At the other end of the scale, efforts to boost the role of the independent adviser on ministers’ interests have met the international body’s expectations, joining the list of fully implemented recommendations.
GRECO had asked the government to strengthen the status, role and remit of the ethics adviser to allow them to investigate, where they consider it appropriate to do so and on their own initiative potential ethical misconduct or conflicts of interest.
In June 2022, then-prime minister Boris Johnson gave the adviser the power to initiate his own investigations into ministerial conduct, albeit only with the PM’s approval.
GRECO said: “Even though consent of the prime minister is still required for an investigation by the independent adviser, it can be initiated by the latter upon his/her initiative, which strengthens this function considerably. It is also worth noting that in case such consent is not given, the reasons for an investigation not proceeding should be made public, unless they undermine the grounds for non-initiation of an investigation.
“This is a welcome development which has a potential to strengthen the independent adviser’s function and enhance public trust in it.”
Along with the enhancement of the independent adviser role, the government has fully implemented one other recommendation: Clarifying and broadening the scope of what is considered “relevant interests” in ministers’ declarations of interests for the purpose of their publication.
The five other completed recommendations relate to law enforcement agencies.
The UK now has until 30 June 2024 to show progress in the remaining five incomplete recommendations, four of which are recommendations for central government.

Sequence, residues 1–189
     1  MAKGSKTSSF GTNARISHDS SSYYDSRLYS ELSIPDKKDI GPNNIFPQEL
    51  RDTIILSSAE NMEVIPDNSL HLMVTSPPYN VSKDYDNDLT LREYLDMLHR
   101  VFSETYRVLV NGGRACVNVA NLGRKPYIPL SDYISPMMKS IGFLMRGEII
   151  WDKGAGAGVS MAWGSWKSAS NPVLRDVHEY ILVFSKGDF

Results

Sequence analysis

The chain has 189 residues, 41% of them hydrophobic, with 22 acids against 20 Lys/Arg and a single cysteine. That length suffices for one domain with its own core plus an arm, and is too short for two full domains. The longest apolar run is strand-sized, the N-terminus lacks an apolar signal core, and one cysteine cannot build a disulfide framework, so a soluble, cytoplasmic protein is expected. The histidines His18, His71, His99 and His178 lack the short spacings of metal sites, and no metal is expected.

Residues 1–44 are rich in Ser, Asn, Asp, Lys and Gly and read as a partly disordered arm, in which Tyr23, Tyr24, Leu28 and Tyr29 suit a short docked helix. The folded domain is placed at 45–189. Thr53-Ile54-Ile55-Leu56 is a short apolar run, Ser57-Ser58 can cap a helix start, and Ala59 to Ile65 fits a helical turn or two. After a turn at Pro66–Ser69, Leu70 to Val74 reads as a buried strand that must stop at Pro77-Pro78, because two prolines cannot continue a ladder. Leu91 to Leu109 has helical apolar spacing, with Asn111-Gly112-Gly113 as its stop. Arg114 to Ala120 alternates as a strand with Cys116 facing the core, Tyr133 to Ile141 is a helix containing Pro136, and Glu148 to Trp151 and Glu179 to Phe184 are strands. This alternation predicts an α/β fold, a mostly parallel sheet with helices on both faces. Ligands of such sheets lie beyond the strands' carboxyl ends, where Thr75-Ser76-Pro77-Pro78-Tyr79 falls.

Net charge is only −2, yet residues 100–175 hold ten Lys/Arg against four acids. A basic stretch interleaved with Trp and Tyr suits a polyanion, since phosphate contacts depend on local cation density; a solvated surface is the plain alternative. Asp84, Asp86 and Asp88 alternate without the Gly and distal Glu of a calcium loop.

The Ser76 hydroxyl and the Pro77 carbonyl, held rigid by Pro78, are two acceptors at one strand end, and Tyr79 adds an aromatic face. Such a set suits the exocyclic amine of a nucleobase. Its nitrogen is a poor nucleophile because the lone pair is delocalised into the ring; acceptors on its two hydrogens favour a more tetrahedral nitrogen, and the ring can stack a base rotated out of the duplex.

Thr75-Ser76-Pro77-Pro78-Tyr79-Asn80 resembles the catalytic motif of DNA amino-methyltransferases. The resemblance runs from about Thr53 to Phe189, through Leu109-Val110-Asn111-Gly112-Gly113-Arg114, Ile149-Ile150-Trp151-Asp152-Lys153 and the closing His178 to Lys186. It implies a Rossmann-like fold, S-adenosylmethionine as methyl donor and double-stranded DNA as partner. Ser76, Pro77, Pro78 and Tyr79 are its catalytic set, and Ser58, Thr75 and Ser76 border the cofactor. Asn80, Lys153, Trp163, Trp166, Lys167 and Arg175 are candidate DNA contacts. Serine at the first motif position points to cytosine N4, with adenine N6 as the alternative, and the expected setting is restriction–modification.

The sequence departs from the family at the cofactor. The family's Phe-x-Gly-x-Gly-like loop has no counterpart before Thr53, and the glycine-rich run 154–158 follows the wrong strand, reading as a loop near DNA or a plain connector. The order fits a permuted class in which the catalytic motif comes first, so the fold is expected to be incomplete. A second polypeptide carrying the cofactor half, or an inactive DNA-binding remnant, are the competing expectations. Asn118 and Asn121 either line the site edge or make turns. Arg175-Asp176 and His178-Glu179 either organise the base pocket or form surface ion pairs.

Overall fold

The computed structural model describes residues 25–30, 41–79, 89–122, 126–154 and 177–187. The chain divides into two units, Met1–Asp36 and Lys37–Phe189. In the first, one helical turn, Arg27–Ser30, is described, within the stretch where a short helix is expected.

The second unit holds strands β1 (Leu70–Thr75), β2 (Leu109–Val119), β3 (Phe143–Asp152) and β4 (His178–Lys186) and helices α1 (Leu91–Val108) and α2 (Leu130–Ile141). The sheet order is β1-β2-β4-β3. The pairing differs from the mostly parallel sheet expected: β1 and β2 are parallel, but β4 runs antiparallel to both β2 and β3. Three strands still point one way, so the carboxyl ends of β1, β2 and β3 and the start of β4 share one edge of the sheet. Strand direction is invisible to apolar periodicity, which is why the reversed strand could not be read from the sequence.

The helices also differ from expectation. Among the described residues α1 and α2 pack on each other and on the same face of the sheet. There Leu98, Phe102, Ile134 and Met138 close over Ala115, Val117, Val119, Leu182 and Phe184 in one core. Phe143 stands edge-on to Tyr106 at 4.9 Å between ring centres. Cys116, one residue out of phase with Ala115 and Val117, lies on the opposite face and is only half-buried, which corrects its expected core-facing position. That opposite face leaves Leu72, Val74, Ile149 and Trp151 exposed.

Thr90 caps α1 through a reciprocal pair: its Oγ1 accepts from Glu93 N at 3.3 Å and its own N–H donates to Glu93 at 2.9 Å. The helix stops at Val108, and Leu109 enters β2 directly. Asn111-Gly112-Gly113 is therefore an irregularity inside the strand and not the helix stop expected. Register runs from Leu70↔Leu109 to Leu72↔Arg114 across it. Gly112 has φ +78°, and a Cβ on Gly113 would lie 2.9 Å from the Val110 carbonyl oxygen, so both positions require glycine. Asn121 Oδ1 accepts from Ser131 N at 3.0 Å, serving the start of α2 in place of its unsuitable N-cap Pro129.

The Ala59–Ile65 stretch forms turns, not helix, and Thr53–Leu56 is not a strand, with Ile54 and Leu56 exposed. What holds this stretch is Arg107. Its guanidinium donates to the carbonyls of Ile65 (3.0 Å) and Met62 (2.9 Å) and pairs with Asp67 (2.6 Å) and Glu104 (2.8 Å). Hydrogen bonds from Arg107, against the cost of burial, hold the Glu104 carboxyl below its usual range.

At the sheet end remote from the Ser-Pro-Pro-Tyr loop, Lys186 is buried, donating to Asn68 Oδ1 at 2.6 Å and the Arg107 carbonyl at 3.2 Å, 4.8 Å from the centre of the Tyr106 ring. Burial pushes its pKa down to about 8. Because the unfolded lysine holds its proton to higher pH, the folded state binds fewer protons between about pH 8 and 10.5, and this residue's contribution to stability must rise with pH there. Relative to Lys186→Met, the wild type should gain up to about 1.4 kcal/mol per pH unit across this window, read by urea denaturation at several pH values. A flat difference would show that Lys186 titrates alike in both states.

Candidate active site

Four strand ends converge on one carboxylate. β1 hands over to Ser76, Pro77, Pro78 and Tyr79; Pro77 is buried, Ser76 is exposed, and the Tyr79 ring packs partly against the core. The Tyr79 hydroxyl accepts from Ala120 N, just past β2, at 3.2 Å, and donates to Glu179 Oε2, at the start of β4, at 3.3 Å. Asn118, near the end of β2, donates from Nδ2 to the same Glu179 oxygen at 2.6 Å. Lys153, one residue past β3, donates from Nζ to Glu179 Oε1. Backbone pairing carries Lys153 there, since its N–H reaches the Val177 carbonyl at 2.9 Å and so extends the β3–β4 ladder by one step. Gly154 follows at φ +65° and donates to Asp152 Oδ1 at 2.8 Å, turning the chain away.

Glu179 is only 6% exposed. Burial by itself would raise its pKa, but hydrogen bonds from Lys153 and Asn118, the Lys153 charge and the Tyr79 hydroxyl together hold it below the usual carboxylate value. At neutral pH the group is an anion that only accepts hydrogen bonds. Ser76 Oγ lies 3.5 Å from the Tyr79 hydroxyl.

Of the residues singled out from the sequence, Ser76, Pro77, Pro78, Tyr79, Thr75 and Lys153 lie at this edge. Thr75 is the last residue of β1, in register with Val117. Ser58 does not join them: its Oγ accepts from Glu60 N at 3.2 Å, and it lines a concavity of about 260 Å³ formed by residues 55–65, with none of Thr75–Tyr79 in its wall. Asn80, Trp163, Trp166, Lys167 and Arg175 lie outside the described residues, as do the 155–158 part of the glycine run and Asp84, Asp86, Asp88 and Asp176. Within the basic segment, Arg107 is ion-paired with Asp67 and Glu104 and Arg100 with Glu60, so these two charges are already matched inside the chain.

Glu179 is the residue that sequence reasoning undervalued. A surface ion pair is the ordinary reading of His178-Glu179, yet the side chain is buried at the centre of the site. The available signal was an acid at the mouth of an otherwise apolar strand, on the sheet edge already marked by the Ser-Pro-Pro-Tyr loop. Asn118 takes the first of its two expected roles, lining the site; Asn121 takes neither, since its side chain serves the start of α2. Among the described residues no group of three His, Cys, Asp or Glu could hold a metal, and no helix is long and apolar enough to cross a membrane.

The three recommendations that the government has partly implemented are:
- Establishing a centralised mechanism for analysing and mitigating risk areas of conflicting interests and corruption in respect of PTEFs at central government level – GRECO said the government’s approach continues to fall short of a holistic approach by mainly focusing on conflicting interests and not on broader anti-corruption risk assessment
- More transparency around meetings held by ministers, special advisers and senior civil servants with third parties, including lobbyists – GRECO said some measures are under way to enhance transparency but until they have been accomplished, it cannot consider this recommendation as implemented satisfactorily
- Extending the scope of the registry of consultant lobbyists to add third parties operating with “in-house lobbyists” and include the lobbying of special advisors and senior civil servants involved in policy making – GRECO said no final outcome has emerged from the government’s scrutiny of the Transparency of Lobbying Act, and no relevant policy or legislative steps have been taken to comprehensively address the recommendation
Publishing the report on its GOV.UK site, the Ministry of Justice said: “HM Government is committed to fighting against corruption and supporting the work of GRECO; we will provide an update to GRECO ahead of its June 2024 deadline.”